Nearly all of the mechanics and functions of a chain saw are built around the firing of its engine. If the engine isn't chugging along, the assembly of gears that pull the chain you use to cut won't work. So, if your gas chain saw isn't starting, it's likely that gas isn't feeding into the engine properly. Before you start troubleshooting, however, it's worth knowing just how the chain saw's engine works. A gas-powered chain saw's engine functions much like that of a car.

Simply put, the piston that drives the gears and chain is powered by energy released by combustion. Fuel in the tank is mixed with air when it's pulled into the carburetor where it's then ignited by a spark from the spark plug.

If your chain saw isn't getting gas, the trouble most likely lies in one of those three core components: the fuel tank, the spark plug or the carburetor, or one of the minor parts adjacent to the three.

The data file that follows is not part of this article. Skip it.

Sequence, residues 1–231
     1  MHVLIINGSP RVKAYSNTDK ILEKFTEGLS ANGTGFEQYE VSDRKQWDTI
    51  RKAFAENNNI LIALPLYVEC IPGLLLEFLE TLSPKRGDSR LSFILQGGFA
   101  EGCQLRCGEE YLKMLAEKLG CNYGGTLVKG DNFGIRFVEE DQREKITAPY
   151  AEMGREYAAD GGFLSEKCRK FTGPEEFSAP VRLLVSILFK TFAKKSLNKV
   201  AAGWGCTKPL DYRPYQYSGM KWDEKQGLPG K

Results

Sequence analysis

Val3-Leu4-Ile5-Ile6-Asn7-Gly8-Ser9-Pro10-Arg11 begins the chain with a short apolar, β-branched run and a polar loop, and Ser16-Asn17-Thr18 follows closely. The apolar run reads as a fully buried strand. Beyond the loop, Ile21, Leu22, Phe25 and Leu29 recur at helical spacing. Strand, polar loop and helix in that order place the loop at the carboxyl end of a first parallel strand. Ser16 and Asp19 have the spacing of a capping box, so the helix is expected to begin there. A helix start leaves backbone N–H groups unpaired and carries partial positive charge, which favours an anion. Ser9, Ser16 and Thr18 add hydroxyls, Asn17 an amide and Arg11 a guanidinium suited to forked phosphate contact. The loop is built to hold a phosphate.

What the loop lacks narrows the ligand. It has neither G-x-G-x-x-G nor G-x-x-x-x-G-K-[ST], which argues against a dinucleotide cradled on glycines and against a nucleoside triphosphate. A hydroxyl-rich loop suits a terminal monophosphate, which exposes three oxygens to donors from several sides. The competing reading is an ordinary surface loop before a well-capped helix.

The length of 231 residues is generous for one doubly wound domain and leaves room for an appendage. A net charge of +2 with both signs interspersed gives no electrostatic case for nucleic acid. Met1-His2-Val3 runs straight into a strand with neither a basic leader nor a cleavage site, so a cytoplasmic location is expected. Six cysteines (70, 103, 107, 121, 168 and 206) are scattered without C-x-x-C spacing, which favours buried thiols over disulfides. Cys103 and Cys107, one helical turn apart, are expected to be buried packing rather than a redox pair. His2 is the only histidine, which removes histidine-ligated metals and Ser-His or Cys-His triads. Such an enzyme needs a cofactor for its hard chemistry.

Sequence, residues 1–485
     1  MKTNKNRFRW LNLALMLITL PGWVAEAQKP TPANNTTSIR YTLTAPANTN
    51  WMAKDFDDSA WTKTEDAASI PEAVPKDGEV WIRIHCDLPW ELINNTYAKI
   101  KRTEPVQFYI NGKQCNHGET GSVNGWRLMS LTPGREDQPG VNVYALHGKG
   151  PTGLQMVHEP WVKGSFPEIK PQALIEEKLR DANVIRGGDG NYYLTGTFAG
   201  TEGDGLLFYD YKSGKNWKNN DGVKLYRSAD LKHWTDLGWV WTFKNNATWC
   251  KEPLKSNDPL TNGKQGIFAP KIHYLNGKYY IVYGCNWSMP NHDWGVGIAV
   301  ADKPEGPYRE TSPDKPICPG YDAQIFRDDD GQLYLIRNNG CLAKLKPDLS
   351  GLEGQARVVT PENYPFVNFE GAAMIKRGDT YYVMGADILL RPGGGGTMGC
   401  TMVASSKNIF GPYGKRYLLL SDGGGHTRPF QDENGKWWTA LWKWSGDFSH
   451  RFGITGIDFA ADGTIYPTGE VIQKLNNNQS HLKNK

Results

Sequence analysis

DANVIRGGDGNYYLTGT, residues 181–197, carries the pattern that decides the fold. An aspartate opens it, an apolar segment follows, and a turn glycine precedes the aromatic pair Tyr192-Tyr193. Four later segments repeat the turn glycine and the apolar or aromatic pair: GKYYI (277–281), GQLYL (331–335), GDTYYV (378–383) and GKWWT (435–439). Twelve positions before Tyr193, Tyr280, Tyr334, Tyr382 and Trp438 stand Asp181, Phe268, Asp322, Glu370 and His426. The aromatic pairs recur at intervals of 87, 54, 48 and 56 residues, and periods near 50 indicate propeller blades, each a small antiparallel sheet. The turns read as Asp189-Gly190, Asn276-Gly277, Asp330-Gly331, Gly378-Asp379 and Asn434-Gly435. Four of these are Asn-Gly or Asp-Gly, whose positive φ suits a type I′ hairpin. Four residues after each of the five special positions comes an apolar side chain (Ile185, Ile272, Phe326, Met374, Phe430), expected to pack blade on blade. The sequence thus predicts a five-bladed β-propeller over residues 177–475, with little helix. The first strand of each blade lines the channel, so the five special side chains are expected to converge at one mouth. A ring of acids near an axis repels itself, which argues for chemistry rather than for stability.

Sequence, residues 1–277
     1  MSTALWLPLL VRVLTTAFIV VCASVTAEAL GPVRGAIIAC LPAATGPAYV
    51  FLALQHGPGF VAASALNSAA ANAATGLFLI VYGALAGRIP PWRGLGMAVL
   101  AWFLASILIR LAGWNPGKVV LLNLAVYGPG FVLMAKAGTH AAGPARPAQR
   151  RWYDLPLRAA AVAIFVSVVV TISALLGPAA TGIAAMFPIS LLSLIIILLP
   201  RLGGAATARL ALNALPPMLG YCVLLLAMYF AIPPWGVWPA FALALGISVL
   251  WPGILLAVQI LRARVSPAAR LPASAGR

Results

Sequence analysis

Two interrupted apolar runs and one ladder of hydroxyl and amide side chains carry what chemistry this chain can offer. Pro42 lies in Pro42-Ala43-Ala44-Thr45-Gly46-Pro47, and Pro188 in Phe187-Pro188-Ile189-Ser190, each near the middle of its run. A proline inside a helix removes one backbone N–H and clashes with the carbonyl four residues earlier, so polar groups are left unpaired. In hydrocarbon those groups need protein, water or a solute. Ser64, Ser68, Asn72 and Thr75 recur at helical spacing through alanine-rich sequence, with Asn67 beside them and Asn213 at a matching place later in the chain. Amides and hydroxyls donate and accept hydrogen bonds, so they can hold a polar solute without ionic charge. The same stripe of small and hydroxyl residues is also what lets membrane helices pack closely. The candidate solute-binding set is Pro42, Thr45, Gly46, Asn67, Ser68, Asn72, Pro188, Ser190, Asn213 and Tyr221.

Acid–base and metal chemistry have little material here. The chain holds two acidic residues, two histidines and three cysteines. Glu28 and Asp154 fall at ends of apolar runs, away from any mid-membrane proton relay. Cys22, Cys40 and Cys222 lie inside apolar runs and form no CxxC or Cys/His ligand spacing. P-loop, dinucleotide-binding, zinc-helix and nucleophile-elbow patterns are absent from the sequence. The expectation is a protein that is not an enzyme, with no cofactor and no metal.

The first place to check when troubleshooting issues with your chain saw's gas intake is the fuel tank itself. Beyond making sure that an adequate amount of gas is in the tank, consider the last time your chain saw was started. If it's been longer than a month and you didn't empty the fuel tank before storing it — especially if the chain saw has been sitting in a cold area — it's possible that the problem could be the result of fuel degradation.

The gas in a chain saw's fuel tank doesn't last forever. In as short as 30 days, the gas eventually separates into different components. This doesn't only hinder the engine's fuel combustion process but can clog the carburetor and run the risk of fouling the spark plug.

As a result, it's best to always use fresh fuel and empty out your chain saw's tank if you won't be using it again for more than three weeks. To clean out your chain saw's gas tank, empty it, swish some fresh gas around inside it do not attempt to use water and then scrub it with a wire brush and thin rag.